Common questions for emergency paid sick leave and family leave for the coronavirus outbreak for businesses with fewer than 500 employees.
The Families First Coronavirus Response Act contains significant paid sick leave provisions for employees of small businesses that have been impacted by the coronavirus (COVID-19) outbreak. There are many questions about how it impacts small businesses and their employers. We try to answer these.
Which businesses are covered under the paid leave law?
The law provides leave for employees of small and mid-size businesses with fewer than 500 employees. This represents 52% of the American workforce. The employee must have been employed for least 30 days prior to taking the leave in order to qualify.
Are there exceptions?
Yes. The law gives the U.S. Labor Secretary can exempt businesses with fewer than 50 employees if they can show providing the leave would put them out of business, as well as businesses that are providing services on the frontline of the crisis such as hospitals, emergency responders and nursing homes.
How much leave does the law provide?
The law provides two weeks paid leave for workers who are sick, quarantined, or attempting to get preventive care or a diagnosis for the coronavirus. It also covers the worker if he or she is providing care for sick family members.
It provides 12 weeks of paid leave to employees who need to care for children because schools or childcare facilities are closed due to the coronavirus. However, the law stipulates that the employee must be in a situation where they are unable to work or “telework.”
How much are employees paid out for leave?
Employees who take the two weeks of sick leave are to be paid out at 100% of their normal salary, but this is capped at $511 a day. Employees who take the paid leave to care for family would be paid at 67% of their normal salary, but this is capped at $200 per day.
Are part-time employees covered?
Yes. Part-time workers will be paid based on the amount they typically earn in a two-week period, and subject to the daily caps put in place for sick and family leave.
Are gig workers covered?
Yes. Self-employed can receive the leave based on their typical daily income. However, they would receive compensation in the form of tax credit.
How are employers going to be compensated for the leave?
Businesses will be paid back in the form of a payroll tax credit within the tax period, which is the calendar quarter.
If the amount the employer pays workers for the leave exceeds the amount the employer owes in taxes, they can request a refund any excess credit.
Can employers require workers to find a replacement for their shift?
No. Under the provisions of the emergency leave law for the coronavirus outbreak, employers are not allowed to force employees to find a replacement worker in order to take the leave.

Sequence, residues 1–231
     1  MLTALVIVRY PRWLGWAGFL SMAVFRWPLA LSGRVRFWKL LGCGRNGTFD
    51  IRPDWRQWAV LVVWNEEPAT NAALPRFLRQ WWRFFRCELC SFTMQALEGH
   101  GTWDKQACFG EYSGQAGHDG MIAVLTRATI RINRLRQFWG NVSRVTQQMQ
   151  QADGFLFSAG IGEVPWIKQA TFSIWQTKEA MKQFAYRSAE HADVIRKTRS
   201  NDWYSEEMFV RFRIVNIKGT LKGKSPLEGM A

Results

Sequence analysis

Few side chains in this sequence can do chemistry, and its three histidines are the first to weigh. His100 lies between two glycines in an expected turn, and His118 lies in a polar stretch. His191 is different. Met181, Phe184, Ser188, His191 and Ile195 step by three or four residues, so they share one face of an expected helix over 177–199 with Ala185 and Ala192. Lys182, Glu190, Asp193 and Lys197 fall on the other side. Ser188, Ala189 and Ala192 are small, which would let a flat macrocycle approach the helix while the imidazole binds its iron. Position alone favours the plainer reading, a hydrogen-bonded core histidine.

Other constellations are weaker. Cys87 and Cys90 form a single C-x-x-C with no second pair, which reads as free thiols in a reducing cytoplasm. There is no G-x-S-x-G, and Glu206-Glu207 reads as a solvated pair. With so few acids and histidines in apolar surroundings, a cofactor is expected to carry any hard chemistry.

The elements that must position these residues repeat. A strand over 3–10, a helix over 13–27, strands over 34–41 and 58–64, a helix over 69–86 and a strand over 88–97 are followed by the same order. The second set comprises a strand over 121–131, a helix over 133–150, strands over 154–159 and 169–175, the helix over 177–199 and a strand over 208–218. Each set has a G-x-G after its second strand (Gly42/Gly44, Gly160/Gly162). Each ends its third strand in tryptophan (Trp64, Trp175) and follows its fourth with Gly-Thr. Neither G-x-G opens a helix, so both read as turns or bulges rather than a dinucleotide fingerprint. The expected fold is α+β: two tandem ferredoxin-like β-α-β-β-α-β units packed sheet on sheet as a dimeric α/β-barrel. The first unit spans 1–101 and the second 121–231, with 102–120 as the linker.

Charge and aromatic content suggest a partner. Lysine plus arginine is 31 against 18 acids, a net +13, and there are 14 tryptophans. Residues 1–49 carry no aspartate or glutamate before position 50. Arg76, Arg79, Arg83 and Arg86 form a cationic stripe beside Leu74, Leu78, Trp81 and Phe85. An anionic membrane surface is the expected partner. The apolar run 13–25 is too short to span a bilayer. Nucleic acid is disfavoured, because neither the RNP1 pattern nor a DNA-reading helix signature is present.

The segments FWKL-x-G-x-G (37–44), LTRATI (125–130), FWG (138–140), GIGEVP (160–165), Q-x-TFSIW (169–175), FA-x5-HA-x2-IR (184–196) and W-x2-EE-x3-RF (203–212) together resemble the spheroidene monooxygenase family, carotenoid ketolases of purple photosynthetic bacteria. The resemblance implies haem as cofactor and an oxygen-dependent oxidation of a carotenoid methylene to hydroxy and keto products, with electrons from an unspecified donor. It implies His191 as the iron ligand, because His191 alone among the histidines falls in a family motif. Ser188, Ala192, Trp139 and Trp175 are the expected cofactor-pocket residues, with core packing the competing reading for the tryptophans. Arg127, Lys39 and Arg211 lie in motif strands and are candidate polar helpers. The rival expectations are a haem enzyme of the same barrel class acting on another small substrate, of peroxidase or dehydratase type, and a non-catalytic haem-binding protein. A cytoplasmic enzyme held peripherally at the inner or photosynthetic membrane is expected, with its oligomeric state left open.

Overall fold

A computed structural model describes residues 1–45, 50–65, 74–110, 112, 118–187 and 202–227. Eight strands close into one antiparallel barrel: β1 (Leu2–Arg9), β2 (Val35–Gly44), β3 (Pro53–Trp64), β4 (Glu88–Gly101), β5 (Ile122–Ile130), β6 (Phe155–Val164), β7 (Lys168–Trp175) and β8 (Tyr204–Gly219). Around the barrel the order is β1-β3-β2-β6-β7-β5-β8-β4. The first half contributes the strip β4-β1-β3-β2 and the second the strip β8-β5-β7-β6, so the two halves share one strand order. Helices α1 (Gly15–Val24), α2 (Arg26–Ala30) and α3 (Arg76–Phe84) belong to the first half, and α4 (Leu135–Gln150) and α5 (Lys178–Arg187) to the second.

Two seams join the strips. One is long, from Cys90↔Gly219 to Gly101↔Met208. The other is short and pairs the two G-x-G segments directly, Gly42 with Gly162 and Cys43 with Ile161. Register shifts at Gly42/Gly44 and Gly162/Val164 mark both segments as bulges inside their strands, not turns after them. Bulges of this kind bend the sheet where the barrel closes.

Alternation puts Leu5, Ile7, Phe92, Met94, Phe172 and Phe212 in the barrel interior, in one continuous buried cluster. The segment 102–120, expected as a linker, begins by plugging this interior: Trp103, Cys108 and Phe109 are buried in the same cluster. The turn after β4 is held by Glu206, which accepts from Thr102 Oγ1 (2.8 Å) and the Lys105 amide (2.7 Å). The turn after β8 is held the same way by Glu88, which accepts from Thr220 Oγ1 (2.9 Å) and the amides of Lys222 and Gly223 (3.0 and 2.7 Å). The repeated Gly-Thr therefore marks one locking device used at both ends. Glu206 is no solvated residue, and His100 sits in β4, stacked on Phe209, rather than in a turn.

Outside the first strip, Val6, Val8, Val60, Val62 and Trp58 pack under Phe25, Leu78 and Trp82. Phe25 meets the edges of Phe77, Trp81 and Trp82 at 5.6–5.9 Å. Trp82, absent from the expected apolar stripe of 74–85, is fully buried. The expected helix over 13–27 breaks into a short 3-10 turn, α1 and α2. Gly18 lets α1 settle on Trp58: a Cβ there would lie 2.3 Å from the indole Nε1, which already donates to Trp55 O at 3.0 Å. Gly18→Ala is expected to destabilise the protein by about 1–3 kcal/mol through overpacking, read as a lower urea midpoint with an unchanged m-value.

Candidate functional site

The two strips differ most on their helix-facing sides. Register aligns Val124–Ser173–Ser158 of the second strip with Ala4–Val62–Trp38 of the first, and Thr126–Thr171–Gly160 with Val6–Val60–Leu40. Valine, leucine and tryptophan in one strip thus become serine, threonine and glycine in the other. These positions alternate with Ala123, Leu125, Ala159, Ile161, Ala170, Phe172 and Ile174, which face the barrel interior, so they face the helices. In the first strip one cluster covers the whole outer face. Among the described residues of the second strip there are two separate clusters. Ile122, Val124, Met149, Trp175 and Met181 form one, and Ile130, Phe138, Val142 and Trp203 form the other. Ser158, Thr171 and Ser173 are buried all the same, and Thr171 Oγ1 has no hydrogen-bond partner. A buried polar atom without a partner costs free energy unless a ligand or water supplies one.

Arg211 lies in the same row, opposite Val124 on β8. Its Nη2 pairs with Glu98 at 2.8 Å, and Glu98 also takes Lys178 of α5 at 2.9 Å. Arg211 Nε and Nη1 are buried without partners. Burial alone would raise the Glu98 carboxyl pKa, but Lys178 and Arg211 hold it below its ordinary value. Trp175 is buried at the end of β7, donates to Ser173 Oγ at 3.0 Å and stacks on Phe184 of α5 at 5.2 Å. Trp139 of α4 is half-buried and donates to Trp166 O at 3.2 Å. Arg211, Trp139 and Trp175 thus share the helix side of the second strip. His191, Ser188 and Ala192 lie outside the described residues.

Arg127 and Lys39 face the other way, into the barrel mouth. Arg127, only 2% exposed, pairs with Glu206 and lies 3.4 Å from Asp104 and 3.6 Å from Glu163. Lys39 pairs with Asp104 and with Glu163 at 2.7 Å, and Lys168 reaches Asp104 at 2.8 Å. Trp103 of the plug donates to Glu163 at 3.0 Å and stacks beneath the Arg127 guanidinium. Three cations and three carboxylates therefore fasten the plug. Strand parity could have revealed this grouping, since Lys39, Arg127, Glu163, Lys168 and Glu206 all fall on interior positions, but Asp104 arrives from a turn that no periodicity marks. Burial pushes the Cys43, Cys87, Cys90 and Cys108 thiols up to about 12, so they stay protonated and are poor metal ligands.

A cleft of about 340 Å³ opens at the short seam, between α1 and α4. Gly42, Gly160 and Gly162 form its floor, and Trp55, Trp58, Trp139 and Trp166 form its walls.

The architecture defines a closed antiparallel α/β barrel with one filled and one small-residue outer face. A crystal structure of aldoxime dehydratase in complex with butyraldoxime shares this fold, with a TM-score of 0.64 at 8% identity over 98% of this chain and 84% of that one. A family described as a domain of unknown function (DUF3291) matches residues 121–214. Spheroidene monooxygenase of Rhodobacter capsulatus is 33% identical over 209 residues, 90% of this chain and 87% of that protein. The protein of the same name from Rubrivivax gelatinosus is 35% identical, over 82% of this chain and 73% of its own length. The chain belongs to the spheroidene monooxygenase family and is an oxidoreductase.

Can employers require workers to use other existing leave before using the emergency paid sick leave?
No. Employers are barred from requiring employees to use previously existing paid leave policies they already provide before taking the sick leave granted through the emergency relief law.
Are employers required to pay out unused leave from the emergency act?
No. The leave specific to this law does not carryover and is not required to be paid out upon termination of employment.
When does this leave go into effect?
The Coronavirus Paid Sick Leave Law goes into effect 15 days after the president signed the bill into law. That means it goes into effect on April 2.
Is this leave permanent?
No. It’s intended to last only through the crisis and expires on Dec. 31, 2020.
Do employers need to post anything?
Yes. The law states that employers need to post in a conspicuous location where they normally provide notices a new notice which the Secretary of Labor is to provide within 7 days.
Are there penalties for failing to comply?
Yes. The penalties specified depend on the nature of the offense, but are the same as described in the Fair Standards Labor Act (FSLA).
How much of a gap does this cover for workers?
Seventy-three percent of private industry workers have access to paid sick leave, according to the Bureau of Labor Statistics.
But that number drops for smaller-sized businesses. For businesses with less than 100 employees, only 65% have access to paid sick leave. For businesses with 100 to 499 workers, 80% of workers have access to paid sick leave.
Eighty-nine percent of businesses with 500 or more workers have access to paid sick leave.
Editor’s note: As the coronavirus outbreak continues, we are attempting to provide information as soon as possible to small businesses. The information provided is subject to change and revision. This information does not constitute legal advice and should not be a substitute for advice from a legal professional.